‘Enemy’ is the second ‘Medicine Cabinet’ Hirst made following the fabrication of ‘Sinner’ in 1988. The cabinet was created whilst Hirst was still at Goldsmiths, and during the period in which he was using the ‘Freeze’ warehouse as a studio space along with Angus Fairhurst, Mat Collishaw and Angela Bulloch.
Whilst ‘Sinner’ provided a personal portrait of Hirst’s late grandmother through its incorporation of her prescription medicines, the artist intended ‘Enemy’ to contain new medical packaging every time it was exhibited, so that it constantly appeared contemporary. The contrasting contents of the cabinets bear testimony to Hirst’s interest in medicine boxes as a means of creating or denying historical patterns. Of the boxes and containers incorporated into ‘Pharmacy’ (1992), Hirst explains that they act as a contemporary museum, which in a 100 years’ time “will look like an old apothecary”.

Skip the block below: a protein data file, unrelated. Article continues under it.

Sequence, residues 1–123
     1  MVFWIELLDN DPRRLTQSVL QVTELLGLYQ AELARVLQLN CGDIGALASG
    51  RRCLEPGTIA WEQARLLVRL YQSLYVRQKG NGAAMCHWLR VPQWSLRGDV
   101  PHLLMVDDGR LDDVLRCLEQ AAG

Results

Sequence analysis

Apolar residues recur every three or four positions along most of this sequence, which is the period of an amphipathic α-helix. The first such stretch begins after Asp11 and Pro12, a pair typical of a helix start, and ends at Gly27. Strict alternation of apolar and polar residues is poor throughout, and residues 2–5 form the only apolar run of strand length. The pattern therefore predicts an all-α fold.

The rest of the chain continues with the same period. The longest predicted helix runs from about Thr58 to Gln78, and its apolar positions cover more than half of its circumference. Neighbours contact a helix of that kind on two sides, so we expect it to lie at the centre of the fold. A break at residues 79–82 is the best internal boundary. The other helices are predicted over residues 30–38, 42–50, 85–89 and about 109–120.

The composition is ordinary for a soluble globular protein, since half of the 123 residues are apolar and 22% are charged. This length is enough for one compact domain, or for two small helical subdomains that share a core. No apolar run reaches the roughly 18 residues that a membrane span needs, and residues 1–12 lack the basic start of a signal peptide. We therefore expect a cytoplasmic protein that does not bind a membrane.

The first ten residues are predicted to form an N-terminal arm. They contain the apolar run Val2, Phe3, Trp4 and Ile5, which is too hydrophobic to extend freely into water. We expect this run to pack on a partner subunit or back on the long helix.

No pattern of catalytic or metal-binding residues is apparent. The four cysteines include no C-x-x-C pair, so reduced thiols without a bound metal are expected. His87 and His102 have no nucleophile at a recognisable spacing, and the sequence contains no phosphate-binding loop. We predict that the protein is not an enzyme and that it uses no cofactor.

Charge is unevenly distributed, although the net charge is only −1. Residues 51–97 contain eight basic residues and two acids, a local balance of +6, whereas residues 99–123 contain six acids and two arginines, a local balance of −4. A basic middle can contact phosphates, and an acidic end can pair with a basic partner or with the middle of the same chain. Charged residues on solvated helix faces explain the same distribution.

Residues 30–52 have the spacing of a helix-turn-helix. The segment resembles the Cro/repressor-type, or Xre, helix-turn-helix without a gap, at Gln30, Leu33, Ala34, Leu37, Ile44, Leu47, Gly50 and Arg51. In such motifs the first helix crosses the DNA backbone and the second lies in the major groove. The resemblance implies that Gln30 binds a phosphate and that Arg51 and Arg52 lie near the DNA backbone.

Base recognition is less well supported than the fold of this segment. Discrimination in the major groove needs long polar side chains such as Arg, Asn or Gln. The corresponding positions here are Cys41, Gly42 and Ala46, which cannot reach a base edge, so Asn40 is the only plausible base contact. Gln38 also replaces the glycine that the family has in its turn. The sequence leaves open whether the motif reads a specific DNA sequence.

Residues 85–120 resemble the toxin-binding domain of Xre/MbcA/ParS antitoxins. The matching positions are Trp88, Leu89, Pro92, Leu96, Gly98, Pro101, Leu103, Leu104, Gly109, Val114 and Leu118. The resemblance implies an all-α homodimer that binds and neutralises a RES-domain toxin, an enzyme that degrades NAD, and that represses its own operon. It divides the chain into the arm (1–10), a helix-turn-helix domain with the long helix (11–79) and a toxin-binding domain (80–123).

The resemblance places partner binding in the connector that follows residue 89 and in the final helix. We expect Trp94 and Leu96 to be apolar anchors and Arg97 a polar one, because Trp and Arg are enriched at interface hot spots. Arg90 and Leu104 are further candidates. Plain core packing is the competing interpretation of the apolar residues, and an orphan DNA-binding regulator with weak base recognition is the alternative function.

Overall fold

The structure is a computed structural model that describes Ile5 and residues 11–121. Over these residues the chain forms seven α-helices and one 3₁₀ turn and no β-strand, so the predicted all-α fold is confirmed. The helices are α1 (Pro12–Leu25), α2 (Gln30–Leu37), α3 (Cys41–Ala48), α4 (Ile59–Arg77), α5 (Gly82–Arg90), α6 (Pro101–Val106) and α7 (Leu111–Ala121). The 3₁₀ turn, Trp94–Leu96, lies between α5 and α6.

The packaging was updated as planned during the cabinet’s exhibition at London restaurant Quo Vadis and The Wellington Club (where it was damaged). Hirst then chose to retain the contents from 2008 for his 2010 exhibition at L & M Gallery, New York, ‘The Complete Medicine Cabinets’.
 Damien Hirst cited in ‘Life’s Like This and Then It Stops’, Adrian Dannatt (Flash Art, no. 169, 1993)